This is the 30th post in a weekly, yearlong series. Read about it here and see the list of previous songs here. A new post about a different song will be posted each Monday throughout 2016. You can listen to the songs in a Spotify playlist.
Legendary Los Angeles punk band The Germs had a host of drummers in its early days before Don Bolles. One of those drummers was Dottie Danger, who got mononucleosis before she could play a single gig with the band. Danger was replaced by Donna Rhia, and in 1978 Danger went on to form her own punk band, The Misfits, using her given name, Belinda Carlisle.
Carlisle’s band — no relation to the Glenn Danzig band of the same name — quickly became The Go-Go’s. Originally a punk band, The Go-Go’s became poppier as its lineup changed. The band recorded a demo, and then toured England, supporting Madness and later The Specials. The Go-Go’s attracted the attention of Stiff Records, which released the band’s “We Got The Beat” as a single. On the strength of the single, the band signed a deal with I.R.S. Records to release an album.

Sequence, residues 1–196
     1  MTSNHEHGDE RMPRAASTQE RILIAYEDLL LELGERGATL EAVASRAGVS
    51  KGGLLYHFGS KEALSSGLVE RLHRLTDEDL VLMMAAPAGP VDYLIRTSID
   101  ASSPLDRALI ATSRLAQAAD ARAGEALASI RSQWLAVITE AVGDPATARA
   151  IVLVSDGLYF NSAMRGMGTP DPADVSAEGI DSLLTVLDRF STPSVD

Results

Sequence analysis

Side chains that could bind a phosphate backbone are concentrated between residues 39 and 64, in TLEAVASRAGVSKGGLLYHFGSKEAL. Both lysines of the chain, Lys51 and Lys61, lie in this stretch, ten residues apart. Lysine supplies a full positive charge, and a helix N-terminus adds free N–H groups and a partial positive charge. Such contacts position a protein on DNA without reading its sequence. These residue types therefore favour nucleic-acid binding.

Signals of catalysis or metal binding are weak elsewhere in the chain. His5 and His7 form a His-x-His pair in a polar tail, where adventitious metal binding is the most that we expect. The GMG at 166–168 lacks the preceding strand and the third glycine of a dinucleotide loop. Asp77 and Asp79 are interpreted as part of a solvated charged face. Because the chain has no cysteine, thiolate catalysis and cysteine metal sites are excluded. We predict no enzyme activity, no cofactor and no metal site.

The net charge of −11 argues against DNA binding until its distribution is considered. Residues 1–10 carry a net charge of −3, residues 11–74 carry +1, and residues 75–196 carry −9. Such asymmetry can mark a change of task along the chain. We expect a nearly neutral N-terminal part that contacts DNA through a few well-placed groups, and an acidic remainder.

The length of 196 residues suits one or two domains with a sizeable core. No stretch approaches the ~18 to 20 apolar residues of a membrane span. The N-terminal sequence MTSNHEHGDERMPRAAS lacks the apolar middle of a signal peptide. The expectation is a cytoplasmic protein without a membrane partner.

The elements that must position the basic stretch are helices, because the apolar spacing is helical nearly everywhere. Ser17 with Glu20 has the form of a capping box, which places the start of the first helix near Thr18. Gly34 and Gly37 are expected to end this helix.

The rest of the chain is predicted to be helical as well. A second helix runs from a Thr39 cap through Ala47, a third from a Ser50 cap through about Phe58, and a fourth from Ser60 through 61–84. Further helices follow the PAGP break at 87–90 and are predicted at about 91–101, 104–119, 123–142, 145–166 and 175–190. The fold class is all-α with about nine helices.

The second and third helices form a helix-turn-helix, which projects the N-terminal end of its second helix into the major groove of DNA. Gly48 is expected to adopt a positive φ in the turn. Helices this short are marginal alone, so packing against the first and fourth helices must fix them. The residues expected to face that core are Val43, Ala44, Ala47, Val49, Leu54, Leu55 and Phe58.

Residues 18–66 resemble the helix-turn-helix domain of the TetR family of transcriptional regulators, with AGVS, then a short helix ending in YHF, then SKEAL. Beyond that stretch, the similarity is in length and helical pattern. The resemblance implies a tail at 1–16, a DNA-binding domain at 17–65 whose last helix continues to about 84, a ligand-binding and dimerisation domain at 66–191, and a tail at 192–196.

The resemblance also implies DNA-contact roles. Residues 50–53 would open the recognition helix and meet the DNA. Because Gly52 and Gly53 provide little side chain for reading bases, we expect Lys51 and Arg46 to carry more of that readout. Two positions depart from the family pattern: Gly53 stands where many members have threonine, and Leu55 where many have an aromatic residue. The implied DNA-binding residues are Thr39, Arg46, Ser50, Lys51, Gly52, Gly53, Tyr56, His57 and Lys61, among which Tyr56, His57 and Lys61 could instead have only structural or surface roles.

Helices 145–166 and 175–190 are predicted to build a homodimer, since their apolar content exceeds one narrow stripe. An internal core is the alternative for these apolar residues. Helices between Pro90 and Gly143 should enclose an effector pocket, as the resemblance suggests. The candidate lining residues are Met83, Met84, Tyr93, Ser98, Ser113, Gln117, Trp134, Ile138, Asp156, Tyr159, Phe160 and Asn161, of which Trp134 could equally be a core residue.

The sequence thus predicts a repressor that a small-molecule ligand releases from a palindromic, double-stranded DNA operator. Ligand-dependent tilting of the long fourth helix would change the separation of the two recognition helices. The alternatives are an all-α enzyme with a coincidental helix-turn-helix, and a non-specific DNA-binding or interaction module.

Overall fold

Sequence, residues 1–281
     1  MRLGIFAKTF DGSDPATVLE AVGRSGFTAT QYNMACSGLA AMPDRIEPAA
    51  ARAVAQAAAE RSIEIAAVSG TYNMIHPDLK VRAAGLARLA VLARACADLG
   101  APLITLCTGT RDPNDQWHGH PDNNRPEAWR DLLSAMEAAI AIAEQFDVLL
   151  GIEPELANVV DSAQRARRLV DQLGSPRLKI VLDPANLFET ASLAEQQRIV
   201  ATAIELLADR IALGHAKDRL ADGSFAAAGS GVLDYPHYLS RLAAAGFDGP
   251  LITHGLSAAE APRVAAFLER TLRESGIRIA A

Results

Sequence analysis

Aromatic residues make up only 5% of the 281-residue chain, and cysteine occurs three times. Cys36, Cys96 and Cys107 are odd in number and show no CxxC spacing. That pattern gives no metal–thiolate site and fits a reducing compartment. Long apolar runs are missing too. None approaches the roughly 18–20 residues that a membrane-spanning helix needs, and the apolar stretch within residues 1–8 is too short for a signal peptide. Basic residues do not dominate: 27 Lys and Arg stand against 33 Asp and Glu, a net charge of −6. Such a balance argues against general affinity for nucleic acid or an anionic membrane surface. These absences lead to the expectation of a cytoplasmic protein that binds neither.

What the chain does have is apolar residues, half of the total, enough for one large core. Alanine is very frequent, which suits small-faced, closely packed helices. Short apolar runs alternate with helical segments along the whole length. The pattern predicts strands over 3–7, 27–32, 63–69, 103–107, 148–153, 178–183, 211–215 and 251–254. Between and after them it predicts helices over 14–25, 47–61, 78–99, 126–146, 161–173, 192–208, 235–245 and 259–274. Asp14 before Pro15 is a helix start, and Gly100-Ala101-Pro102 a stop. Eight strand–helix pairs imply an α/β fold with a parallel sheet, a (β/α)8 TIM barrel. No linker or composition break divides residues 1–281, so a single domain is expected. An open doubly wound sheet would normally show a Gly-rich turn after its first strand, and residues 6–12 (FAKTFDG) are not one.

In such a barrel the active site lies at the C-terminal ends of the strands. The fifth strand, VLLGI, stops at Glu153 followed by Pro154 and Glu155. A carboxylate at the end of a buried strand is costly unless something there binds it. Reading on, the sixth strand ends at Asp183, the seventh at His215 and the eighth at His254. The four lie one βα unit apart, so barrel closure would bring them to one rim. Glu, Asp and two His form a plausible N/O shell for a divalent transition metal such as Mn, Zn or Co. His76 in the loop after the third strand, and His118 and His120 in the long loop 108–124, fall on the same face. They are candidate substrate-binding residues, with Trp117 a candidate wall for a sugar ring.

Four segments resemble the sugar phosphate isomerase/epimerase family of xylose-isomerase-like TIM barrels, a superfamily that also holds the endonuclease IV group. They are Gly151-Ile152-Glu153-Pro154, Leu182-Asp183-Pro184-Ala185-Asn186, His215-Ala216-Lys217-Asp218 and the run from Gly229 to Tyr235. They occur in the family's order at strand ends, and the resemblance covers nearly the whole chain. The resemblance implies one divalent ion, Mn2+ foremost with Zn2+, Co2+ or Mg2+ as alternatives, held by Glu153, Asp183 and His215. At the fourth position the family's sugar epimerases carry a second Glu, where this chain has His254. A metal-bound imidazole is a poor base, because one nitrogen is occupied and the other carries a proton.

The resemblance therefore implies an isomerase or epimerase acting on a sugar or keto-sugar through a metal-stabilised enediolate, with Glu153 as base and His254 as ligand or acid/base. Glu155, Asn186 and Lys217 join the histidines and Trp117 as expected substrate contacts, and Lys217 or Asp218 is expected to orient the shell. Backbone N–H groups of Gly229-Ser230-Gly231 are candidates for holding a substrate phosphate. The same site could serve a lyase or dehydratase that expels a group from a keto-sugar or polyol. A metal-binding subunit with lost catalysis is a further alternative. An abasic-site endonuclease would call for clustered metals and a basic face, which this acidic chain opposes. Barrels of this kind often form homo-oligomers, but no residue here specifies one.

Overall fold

The band’s debut album, “Beauty and The Beat,” came out in 1981 and eventually hit Number 1 on the Billboard 200, making The Go-Go’s the first (and still the only) all-female group to top the charts by writing and playing their own songs. Part of that success came from the album’s first single, the poppy “Our Lips Are Sealed,” which reached Number 20 on the Billboard Hot 100. The video became a staple for the burgeoning MTV, and became an international hit. Enough people in Australia misheard “Our Lips Are Sealed” as “Alex The Seal” such that when the Australian Broadcasting Corporation released a compilation of popular songs, it listed the song as “Our Lips Are Sealed (Alex the Seal).”
The song was similar to Kirsty MacColl’s “They Don’t Know” in that it featured a narrator doubling down on her commitment to her partner, despite their second-guessing and gossipy friends:
Can you hear them
They talk about us
Well, that’s no surprise
Can you see them
See right through them
They have no shield
No secrets to reveal
It doesn’t matter what they say